I have been reading the articles in Morning Read and the responses to Alex Miceli's commentary. Now we should change the name of the Masters (“From the Morning Read inbox,” Jan. 14). Wow. Where and what next? Defund the police, tear down Abraham Lincoln statues, change names of streets and buildings, succumb to all of Black Lives Matters’ demands or be a racist, open borders, etc. Change the Masters? To what? The Supers? The Greats? It won't matter. Those who claim the Masters and golf to be racist still would have a problem. They never are happy until they have everyone believing that they are victims and do not have the same opportunities as everyone else.
Every citizen in this country can be whoever or whatever he or she wants to be, given their God-given qualities. I can't be an NBA player, but I can play basketball. Nothing is given to anybody, and we all have to work at what we want to be and become. All of you who want things given or claim systemic racism, please let us know where, what or how you were deprived the same access as your neighbors across the way.
Golf is not racist, and neither am I.
El Paso, Texas
(Smith is a PGA of America member and the head golf professional at Ascarate Golf Course in El Paso.)
Lonesome liberal offers some grown-up advice
I see that some readers are upset that Morning Read published Alex Miceli’s views about the PGA of America ending its agreement with President Donald Trump (“Golf needs to take a stand against Donald Trump,” Jan. 8; “It’s beginning of end for Donald Trump’s golf empire,” Jan. 12).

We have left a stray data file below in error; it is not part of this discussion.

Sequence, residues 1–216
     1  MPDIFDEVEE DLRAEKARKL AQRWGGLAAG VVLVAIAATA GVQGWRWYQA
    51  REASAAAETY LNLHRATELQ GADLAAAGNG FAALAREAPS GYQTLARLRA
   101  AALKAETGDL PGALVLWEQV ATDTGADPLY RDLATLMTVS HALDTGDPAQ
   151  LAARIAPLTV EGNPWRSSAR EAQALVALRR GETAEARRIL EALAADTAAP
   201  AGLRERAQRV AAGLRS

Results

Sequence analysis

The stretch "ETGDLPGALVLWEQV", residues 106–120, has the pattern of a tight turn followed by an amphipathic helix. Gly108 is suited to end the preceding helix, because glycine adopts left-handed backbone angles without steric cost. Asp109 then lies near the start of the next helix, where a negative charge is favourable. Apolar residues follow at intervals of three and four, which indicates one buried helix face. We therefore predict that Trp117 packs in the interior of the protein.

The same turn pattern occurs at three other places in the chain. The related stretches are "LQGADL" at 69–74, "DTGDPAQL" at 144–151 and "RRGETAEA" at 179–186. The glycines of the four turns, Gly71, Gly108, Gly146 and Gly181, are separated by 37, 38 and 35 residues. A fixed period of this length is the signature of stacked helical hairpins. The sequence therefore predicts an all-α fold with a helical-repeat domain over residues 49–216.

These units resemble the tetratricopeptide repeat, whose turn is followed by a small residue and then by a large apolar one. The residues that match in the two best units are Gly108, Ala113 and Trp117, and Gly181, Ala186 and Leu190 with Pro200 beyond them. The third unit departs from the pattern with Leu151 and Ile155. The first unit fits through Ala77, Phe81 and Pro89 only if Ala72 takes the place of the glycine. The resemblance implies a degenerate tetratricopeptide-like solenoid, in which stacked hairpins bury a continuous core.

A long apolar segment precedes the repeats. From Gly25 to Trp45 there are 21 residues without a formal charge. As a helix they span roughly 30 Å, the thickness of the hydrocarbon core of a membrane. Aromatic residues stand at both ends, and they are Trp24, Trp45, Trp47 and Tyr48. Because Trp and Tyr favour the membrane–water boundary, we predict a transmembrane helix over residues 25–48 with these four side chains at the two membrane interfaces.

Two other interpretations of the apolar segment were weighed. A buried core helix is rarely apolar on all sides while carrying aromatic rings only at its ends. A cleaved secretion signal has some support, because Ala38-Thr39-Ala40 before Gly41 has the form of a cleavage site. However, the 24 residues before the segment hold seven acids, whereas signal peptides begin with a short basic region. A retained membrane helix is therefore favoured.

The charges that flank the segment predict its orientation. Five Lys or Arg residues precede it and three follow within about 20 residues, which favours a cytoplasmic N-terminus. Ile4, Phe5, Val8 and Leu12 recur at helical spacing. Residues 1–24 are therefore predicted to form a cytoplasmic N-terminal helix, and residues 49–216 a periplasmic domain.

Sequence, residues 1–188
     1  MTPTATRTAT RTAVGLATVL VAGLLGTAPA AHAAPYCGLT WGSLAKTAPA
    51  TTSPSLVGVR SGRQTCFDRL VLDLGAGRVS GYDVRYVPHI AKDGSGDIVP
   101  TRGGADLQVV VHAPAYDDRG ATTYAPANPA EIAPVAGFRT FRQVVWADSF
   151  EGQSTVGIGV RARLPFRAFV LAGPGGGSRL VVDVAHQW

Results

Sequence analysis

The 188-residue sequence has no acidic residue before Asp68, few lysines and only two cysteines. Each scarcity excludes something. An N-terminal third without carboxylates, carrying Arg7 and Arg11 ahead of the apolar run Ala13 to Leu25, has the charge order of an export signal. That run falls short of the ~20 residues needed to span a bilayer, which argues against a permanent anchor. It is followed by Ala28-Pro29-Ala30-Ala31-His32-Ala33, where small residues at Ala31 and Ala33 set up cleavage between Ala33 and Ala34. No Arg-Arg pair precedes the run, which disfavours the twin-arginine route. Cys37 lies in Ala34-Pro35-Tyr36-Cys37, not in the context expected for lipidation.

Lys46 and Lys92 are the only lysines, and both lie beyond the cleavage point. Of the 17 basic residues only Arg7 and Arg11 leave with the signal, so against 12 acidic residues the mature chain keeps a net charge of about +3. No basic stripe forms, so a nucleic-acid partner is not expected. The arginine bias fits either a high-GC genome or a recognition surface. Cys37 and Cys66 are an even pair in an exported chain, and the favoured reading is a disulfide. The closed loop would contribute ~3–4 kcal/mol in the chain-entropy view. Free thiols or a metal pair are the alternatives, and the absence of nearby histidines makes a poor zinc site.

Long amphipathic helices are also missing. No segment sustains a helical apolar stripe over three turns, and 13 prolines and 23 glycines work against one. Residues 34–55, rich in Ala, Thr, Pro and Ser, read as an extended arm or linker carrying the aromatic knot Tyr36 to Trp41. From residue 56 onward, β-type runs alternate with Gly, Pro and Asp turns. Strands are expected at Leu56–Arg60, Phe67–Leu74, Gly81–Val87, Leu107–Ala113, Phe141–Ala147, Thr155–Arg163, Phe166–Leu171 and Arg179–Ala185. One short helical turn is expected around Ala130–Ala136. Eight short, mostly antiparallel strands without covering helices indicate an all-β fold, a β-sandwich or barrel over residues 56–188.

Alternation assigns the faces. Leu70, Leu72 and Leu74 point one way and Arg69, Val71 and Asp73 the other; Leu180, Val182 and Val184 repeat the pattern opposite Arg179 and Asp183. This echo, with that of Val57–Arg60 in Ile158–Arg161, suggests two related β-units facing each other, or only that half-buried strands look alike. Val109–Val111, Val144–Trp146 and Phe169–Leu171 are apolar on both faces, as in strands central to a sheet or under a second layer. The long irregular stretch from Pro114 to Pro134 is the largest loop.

To those objectors, I say, Grow up. My regular group of about 12 players is made up of conservatives and one liberal: me. Our conflicting political opinions have yet to cause stress to our relationship for one simple reason: We are adults.
No, you’re definitely not the only one
I thought it was just me, but after seeing the comments in Monday’s Morning Read, I apparently am not the only one. I highly recommend that Morning Read keep politics out of its content (“From the Morning Read inbox,” Jan. 18).
We get enough political views in everything else we see and read.
There has been way too much “woke” expression and content with Golf Channel.
It also is becoming very apparent in the leadership of the USGA and PGA of America. I am a sports enthusiast but have been losing my interest in most sports for the reasons I state above. Golf has been the last stop for me.
I was a long-time viewer of Golf Channel’s “Morning Drive” show. I really liked it in the beginning, when different sports were covered, business news and many guests through the week covering products, swings and travel. It was pretty boring at the end of its tenure.
“Golf Today” feels horrible. Damon Hack and Shane Bacon cannot carry the show.
Don’t blame it on Hack
So, reader Charlie Jurgonis had to go to a website to find out to whom Golf Channel’s Damon Hack made a political contribution (“From the Morning Read inbox,” Jan. 18).
Is that now how we are to judge whether credence is to be given to a presenter? Based on whom or what they contribute to?
If one doesn't like a show or a presenter, exercise your American right and don't watch. But don't try to equate a presenter’s political donations with the quality of the product.
If Golf Channel is a “dumpster fire,” as Jurgonis claims, it's not because of the political contributions made by Damon Hack.
Let’s all just try to laugh it off
Three cheers to such an eloquent voice of reason from reader Beverly O’Fee (“From the Morning Read inbox,” Jan. 18).
I, too, chuckle frequently at the righteous indignation so prevalent in many of the letters in Morning Read.
Golf is a game that we play with friends and family. Try to keep that in mind.
And to reader Randy Reed, might I suggest that you take a deep breath and try to relax. There is no conspiracy in golf reporting.